This is my course review for CSE 142 (Computer Programming I) at the University of Washington. I took the course in autumn 2014 with Stuart Reges.
Since I had already had a significant amount of experience programming in Python prior to the course, CSE 142 ended up mostly being a time for me to learn the syntax of Java. To be sure, UW does offer CSE 143X, which is an accelerated one-quarter course that covers the content of both 142 and 143. However, I decided to take 142 and 143 for two reasons: (1) although 143X claims to be curved similarly to 142 and 143—so that one is not disadvantaged by taking a course with more experienced students—I didn’t have any evidence that this was the case (i.e. since I didn’t know others who had taken 143X, I would essentially be blindly trusting the computer science department); (2) CSE 143X was offered in the winter quarter, so I would have had to find another course to take for autumn (keep in mind that CSE 143X was only announced after the regular registration season, so the courses I would have wanted to take probably would have been taken—though I did not check).
The lectures seemed to be targeted toward people who had no prior programming experience, and in general those wanting in algorithmic thinking. I don’t think I benefited very much from attending lectures, but Reges did point out some subtleties of Java’s syntax, which may have been hard to pick up on my own.
I think the lectures allowed me to be lazy: instead of having to look through the textbook or slides for the course, I could just sit in the lecture hall and have all the information given to me. Since CSE 142 was one of the earlier classes for me, lectures also gave me a good routine of waking up early and walking down to class.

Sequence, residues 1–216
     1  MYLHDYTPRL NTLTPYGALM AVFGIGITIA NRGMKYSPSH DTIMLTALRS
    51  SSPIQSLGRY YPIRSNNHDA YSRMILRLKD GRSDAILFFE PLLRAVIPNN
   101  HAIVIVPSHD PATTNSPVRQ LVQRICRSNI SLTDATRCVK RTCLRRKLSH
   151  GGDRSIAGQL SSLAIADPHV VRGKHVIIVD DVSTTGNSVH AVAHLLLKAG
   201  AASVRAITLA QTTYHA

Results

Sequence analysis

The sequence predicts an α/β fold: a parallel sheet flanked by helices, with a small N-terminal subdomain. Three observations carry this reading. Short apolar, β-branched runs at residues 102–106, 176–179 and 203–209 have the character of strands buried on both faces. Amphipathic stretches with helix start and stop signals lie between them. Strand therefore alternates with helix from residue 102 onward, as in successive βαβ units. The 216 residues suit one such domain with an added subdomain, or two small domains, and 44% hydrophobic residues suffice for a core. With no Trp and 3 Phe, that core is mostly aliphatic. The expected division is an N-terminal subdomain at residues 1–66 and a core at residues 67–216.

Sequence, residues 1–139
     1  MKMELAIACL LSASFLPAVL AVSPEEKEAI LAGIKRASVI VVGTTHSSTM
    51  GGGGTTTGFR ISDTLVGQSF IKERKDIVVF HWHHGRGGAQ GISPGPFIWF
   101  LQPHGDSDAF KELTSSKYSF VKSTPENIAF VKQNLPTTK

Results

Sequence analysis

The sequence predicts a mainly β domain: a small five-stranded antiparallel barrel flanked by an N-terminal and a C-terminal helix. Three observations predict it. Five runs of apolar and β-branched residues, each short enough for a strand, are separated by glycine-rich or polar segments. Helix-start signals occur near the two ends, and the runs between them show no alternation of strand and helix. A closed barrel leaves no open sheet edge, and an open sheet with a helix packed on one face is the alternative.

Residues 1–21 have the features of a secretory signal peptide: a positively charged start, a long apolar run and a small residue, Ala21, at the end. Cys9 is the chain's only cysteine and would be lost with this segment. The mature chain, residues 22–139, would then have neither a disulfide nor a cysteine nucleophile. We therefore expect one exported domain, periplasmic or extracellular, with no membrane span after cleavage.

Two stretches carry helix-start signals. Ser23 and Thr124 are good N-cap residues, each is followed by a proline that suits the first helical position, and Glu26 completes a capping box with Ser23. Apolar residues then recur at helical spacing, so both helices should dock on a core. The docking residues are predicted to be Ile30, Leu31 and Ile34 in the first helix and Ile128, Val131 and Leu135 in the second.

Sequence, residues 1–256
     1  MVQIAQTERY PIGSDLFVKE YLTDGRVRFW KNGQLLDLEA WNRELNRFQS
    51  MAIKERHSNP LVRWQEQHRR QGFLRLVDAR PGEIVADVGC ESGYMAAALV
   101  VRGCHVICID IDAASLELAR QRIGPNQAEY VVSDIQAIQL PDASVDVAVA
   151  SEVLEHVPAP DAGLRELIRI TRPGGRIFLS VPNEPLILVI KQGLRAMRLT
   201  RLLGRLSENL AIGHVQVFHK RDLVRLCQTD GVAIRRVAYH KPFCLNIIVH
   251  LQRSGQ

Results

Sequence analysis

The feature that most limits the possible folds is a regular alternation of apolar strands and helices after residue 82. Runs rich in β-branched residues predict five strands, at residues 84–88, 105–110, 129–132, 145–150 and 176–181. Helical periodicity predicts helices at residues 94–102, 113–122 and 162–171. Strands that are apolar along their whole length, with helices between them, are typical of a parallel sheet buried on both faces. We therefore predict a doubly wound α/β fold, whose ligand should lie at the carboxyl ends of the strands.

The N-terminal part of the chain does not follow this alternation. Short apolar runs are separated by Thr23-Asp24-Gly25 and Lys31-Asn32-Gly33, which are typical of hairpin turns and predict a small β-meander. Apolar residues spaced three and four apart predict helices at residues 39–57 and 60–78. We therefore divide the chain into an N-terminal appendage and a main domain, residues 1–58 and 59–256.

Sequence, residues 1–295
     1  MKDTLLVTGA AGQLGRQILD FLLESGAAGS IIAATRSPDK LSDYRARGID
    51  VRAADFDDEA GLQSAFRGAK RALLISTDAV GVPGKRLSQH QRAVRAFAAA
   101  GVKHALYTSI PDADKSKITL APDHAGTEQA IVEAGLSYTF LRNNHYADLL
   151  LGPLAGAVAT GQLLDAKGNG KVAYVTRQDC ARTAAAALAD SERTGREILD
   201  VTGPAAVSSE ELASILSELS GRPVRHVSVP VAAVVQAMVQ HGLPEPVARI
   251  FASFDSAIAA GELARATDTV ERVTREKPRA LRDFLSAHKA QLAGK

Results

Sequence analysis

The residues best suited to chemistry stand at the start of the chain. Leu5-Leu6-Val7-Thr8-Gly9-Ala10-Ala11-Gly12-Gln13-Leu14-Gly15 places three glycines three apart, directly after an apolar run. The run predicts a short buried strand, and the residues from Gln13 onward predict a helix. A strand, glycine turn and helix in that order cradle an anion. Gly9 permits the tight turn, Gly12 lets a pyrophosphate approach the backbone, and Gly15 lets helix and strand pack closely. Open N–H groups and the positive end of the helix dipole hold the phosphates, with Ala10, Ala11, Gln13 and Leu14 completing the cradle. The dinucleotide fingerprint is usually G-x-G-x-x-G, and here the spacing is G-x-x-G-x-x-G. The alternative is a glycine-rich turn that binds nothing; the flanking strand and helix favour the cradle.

On most days (especially later in the quarter) I just sat in the back (where Reges tells people to go if they don’t want to listen to the lecture) and read from a book or some articles, peeking up infrequently to see if I can still understand everything on the screen.
Quiz sections were small-group meetings (of about 20 people) where we just worked on some practice programming problems led by a TA. (Each quiz section had a single TA for the quarter.) I don’t think I got much out of the quiz sections.
Chapters corresponding to each lecture were posted on the course calendar, but I never bothered to. The impression I got was that nobody else was really keeping up with the readings either. This trend is understandable, considering that Reges himself wrote the textbook, and the lectures and chapters seem to overlap significantly.
The homework assignments were fairly straightforward and didn’t require novel thinking. Even for the assignments considered most “challenging” by Reges, there was always an obvious way to go about them. I think the assignments took a few hours each at most.
One thing that did not sit well with me was that the whole course was taught using jGRASP, which is non-free software. As I found out in CSE 390, Reges himself uses Emacs, so the decision to use jGRASP seems to rely entirely on pedagogical reasons. I realize that jGRASP is very easy to use, but not even hinting at the complexities of software licensing—and instead encouraging everyone to use non-free software—is suspicious. (For myself, I just used Vim with javac.)